Is It Curtains for Cookies? Preparing for the End of Third-Party Tracking

A world without third-party cookies is fast approaching. Big-name browsers like Safari and Firefox already block them by default, and Google Chrome —  the biggest browser of them all —  is set to follow. 

First, a quick refresher: Websites use cookies to store data in your browser specific to that website and other sites. The question, though, is who the website is storing the data for. Third-party cookies store data that allows advertising services to track your behavior on any given site, while first-party cookies are those a website uses for its own purposes. 

Like most things, not all cookies are created equal. As browsers transition to these new defaults, some will make the grade, while others will be blocked for good. What does this mean for your website, and how can you get ahead of the change? We’ll walk you through it. 

Are Cookies Really Going Away? 

That depends on the type of cookies your site uses. Browsers are slowly blocking third-party cookies by default — those associated with cross-site tracking for ad networks like Facebook or LinkedIn — but first-site, or same-site, cookies will remain.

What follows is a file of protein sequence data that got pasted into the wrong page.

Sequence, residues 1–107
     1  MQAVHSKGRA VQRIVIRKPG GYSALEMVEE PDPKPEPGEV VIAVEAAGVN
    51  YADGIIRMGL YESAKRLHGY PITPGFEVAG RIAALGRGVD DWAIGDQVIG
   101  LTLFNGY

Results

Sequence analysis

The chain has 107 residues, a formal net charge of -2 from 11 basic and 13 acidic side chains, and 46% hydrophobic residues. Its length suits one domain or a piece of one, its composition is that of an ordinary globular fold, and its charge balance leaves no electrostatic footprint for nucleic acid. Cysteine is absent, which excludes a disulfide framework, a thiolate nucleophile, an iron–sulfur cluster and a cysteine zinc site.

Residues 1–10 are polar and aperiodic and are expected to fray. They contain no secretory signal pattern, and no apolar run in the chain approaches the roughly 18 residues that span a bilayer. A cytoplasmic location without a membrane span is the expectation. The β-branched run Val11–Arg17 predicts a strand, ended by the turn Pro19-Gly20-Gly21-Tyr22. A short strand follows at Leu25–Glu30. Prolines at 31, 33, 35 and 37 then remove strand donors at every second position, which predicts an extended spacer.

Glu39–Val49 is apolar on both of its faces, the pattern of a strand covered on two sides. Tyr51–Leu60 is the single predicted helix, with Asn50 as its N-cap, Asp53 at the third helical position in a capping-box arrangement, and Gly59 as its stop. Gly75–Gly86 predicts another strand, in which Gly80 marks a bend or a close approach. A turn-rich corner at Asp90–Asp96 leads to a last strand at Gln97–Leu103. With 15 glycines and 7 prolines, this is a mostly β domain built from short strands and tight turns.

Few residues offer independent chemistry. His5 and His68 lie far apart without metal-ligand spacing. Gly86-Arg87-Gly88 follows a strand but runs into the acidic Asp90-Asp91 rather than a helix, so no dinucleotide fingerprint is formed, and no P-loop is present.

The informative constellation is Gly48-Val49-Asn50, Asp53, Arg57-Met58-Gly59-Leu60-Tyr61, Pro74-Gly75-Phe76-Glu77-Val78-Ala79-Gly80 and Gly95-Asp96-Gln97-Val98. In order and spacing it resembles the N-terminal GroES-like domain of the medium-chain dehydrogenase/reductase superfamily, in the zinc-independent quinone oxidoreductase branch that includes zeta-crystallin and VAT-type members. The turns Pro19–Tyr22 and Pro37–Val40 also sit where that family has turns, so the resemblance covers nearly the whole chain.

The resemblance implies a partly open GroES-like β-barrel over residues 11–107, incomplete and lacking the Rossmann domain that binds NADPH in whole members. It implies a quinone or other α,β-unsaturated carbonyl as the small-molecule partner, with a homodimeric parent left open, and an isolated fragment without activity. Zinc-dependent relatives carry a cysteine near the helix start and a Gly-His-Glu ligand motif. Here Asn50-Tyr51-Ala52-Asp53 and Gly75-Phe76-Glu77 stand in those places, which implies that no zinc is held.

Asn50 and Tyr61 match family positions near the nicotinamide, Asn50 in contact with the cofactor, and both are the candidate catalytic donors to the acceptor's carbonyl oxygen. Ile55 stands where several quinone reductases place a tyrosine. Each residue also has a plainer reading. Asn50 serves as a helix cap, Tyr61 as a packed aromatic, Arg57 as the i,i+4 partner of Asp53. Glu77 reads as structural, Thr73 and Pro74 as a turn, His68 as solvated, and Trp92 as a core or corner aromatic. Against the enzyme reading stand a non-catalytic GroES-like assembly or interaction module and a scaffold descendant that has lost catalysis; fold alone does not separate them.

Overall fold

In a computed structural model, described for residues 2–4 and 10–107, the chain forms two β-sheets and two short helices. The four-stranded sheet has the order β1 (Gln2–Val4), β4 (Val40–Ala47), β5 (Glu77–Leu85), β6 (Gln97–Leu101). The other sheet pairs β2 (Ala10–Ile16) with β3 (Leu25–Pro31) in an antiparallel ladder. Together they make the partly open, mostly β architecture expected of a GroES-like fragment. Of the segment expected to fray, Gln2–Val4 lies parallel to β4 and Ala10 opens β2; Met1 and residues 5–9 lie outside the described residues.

That means that if retargeting is essential to your paid marketing strategy, you may need to rethink your approach. But any cookies you use to support your site features and functionality can keep on keeping on, assuming your users have agreed to the use of those cookies on your site. For example, you may be able to keep track of previously viewed content and use that information to suggest other relevant content to that user. So don’t say goodbye to your cookie consent services either; you still have to give users the chance to opt out of any first-party cookies. 

Why Now? Haven’t We Been Using Cookies Forever? 

While cookies have been a web-surfing staple for almost as long as we’ve been using the internet, that’s not necessarily a good thing. 

Legislation like GDPR in Europe, the California Consumer Privacy Act, and the New York Privacy Act are tightening restrictions on the use of consumer data, and rapidly increasing cybersecurity threats in recent years have illuminated the risks of large-scale data storage. Consumers have also begun to prize their privacy, realizing that their information is valuable and no organization should be looking over their shoulder as they browse. 

Ultimately, phasing out third-party cookies is about doing what’s best for your users. Making the move now can help instill trust in your website, since users know you aren’t capturing their data behind the scenes. Cookie consent forms also put the data you do use out in the open, showing users that your organization takes their privacy seriously and is prepared to protect it. 

How Will The End of Third-Party Cookies Impact My Industry?